(MORE: Pete Wentz Talks to TIME in 2008)

I’ve seen a few places online talking about Fall Out Boy getting back together, but on your website you make it very clear that you never broke up. What’s the difference between a hiatus versus breaking up and getting back together?

There are bands that probably did similar things that we did, but didn’t do it in the Internet age, where people have access to everything you say. Any time you give any interview, any pro answer would be like “they’re getting back together” and any con answer would be like “they’re broken up for good.” I think that taking a hiatus at least leaves more room that you’re going to come back and create new music. Sometimes, I think a band reunion gives the idea that it’ll be a vintage act. For us, it was really important that if we came back it would be about new music.

And you were busy during the hiatus. You wrote a novel.

I had been working on it for six years outside the band. But that was a hard process, the editing. It was hard and just vastly different than I thought it was going to be. I was watching the Girls finale, and Lena Dunham is on the phone with her agent. He says, “It needs to be turned in,” and she says, “Or else what happens?” and he says, “Or else they sue you.” And she’s, like, “I need to write a book in a day.” That summed up that process.

Sounds nerve-wracking.

When I was writing, there wasn’t the context that it was going to be a narrative. As soon as you write something you think, “Wow, this really makes sense to me.” Then, my editors and agent were telling me, people can’t follow it. You write about what you know, but at the same time, I’m not writing a memoir. It’s fiction. Any time anyone talks to me about it they say, “Oh yeah, but it was really true, right?” I’m, like, no, the true stuff would probably be a bit more boring. It’s also weird to go out and not have the protection of the other three people in your band with you. I didn’t realize how much of a shield the four musketeers thing is—I know it’s three musketeers, but whatshisname is in it with them, d’Artagnan or something. The extra guy.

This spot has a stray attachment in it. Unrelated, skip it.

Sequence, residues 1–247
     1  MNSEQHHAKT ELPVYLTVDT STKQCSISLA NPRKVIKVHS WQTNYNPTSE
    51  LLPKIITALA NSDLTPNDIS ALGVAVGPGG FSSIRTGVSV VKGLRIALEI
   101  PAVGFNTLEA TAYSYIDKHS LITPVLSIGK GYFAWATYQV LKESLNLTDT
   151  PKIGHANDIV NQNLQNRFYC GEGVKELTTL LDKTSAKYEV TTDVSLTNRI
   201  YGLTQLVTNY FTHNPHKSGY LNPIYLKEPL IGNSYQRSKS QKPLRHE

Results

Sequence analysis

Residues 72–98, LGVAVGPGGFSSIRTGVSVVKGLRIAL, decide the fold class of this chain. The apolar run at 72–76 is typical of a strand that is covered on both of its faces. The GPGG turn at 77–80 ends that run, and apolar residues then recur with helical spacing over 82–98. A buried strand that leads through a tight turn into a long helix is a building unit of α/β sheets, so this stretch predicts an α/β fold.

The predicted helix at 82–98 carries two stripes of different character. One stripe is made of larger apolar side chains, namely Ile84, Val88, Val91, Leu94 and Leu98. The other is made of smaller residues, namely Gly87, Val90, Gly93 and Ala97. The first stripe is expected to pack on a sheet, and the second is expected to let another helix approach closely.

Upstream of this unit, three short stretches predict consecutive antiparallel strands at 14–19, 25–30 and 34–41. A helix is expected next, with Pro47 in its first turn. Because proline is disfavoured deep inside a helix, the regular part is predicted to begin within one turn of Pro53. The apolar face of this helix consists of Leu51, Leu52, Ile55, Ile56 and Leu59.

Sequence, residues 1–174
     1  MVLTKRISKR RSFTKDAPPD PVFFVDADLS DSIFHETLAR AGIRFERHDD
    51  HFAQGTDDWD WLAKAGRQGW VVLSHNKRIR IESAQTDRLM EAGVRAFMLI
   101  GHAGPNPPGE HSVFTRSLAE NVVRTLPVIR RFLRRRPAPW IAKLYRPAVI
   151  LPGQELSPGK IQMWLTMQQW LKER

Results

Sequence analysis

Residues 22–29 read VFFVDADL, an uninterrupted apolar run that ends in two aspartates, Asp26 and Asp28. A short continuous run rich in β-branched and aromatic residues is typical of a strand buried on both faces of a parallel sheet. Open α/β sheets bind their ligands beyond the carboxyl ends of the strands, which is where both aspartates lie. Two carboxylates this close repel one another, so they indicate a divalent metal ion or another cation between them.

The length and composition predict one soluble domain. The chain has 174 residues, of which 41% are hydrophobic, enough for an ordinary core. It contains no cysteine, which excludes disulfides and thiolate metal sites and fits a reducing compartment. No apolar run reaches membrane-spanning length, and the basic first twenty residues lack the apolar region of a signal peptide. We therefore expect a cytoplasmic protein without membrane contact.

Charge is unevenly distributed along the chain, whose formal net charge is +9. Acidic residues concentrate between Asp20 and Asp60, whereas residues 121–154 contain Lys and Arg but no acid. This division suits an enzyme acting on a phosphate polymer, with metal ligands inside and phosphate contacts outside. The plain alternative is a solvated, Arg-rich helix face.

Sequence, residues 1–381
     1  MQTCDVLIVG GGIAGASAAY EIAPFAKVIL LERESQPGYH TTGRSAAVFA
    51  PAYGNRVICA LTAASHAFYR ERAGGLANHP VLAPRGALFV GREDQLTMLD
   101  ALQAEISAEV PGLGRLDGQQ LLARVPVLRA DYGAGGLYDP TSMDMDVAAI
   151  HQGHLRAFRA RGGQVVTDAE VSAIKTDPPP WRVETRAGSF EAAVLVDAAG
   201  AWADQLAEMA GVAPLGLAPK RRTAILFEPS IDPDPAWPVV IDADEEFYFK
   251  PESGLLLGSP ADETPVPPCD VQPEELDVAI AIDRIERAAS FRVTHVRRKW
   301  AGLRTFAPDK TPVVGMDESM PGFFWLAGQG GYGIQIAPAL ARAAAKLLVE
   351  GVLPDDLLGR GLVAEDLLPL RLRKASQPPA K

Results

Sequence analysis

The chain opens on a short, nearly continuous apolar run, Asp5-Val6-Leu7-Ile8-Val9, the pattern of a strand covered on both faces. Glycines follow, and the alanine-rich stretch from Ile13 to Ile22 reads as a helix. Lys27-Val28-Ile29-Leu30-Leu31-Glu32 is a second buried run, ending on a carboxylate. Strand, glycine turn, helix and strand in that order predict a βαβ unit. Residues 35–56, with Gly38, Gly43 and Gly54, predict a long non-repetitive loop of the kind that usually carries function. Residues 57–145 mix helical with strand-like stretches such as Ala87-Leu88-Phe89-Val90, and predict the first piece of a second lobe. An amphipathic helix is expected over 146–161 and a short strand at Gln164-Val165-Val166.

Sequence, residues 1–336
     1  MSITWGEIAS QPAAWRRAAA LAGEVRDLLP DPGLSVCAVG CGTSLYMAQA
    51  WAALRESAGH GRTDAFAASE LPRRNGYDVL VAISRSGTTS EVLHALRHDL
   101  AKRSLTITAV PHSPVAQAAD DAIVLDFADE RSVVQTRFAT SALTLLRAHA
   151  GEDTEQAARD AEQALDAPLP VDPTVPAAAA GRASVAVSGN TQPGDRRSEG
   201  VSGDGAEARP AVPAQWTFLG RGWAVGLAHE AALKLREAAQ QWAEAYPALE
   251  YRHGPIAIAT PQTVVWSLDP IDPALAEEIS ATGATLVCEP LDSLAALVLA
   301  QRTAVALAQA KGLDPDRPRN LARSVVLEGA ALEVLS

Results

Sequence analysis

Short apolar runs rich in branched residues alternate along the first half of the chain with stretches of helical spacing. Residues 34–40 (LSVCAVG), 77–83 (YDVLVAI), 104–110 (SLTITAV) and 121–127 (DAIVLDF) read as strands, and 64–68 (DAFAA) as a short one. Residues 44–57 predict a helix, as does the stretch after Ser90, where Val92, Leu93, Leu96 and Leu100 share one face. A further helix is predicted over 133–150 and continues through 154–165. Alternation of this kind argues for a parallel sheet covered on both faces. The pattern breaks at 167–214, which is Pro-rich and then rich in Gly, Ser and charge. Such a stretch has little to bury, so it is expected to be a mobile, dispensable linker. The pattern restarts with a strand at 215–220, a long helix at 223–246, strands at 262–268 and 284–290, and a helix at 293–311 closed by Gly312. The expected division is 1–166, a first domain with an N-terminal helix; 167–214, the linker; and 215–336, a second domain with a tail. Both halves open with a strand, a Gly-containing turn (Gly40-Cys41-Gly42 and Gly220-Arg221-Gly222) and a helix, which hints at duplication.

Why do you think people are so eager to see it as an autobiography?

I think we live a culture that’s obsessed with people, you know, “Celebrities are just like us!” Everything I do except my job is critically analyzed online.

(MORE: Rock and an Art Place: Our Experts Review 9 New Album Covers)

I also want to ask you about Best Ink. What made you decide to go the TV-show-hosting route?

I sometimes get pitched this reality show or that competition show, and a lot of them don’t really make sense to me. This one, it was authentic to what I’m into. I’ve been into tattoos since I was 15 or 16. Also, it ended up being this happy hurricane that it all happened at once. But I didn’t really plan on Fall Out Boy coming back at the same time.

The thing about tattoo reality shows that always impresses me, is that people are willing to get tattooed on them, since they might end up with the person who loses the challenge.

More people will get tattoos on TV than I would have ever expected. Lots of people go on because they want to be actors, and some people go on because they just want a big free tattoo. You see these cooking shows and people get a bad dish and they kind of freak out—on Best Ink there were only two meltdowns where people were really unhappy with their tattoos. I think because part of the deal is that food is momentary—but you’re going to have a tattoo for the rest of your life. People kind of try to live with it, at least.

Did it make you want to get any additional tattoos?

I really want to get something for my son when he can write his name. We’ve been talking about him helping design dad’s next tattoo.

He better work on his handwriting.